Since 1 July 2016, buyers have been required to withhold CGT on certain taxable Australian property they acquire from non-residents, including those with a market value of $750,000 or more.
Where the seller of these Australian assets is deemed a foreign resident, the buyer must pay 12.5 per cent of the purchase price to the ATO as a foreign resident capital gains withholding payment.
More than $500 million in CGT assessments have also been captured in compliance and engagement activity by the Tax Avoidance Taskforce over the last two years, including $290 million in cash collected through the government’s focus on property and other asset sales by multinationals and foreign residents.
Assistant Treasurer Michael Sukkar said the ATO’s real-time capabilities meant there would be no chance for non-residents to escape their CGT liabilities.
“Taken together, the decisive actions of this government have kept more than $1.3 billion in the country. The message is clear to multinationals and foreign residents: you can’t avoid paying your CGT,” Mr Sukkar said.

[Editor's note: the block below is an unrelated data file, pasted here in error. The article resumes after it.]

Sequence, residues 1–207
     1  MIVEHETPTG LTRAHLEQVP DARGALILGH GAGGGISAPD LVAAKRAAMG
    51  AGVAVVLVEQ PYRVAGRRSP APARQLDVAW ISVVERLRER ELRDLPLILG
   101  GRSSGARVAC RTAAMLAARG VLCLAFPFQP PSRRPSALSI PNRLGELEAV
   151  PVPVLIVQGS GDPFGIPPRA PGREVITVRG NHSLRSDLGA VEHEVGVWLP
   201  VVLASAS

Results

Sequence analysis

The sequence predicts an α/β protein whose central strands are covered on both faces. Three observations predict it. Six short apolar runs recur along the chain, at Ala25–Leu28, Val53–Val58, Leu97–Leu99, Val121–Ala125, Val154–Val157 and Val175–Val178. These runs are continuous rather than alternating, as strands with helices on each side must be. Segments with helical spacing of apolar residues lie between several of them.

“The enhanced data analytics and technical expertise of the taskforce, led by the Australian Taxation Office, ensures that sales are identified and investigated more quickly than ever.
“The taskforce is now intervening and engaging with non-resident vendors in real time, ensuring that where it’s required, tax is collected on the spot before the sales proceeds can leave the country. In some instances, additional security has been sought over other assets to ensure foreign resident taxpayers meet their obligations.”
The taskforce’s compliance activity covers both direct property sales and sales of interests in companies and trusts whose assets are primarily property. The types of property include major infrastructure assets, agricultural assets, mining tenements, hotels and office towers.
Jotham Lian is the editor of Accountants Daily, the leading source of breaking news, analysis and insight for Australian accounting professionals.
Before joining the team in 2017, Jotham wrote for a range of national mastheads including the Sydney Morning Herald, and Channel NewsAsia.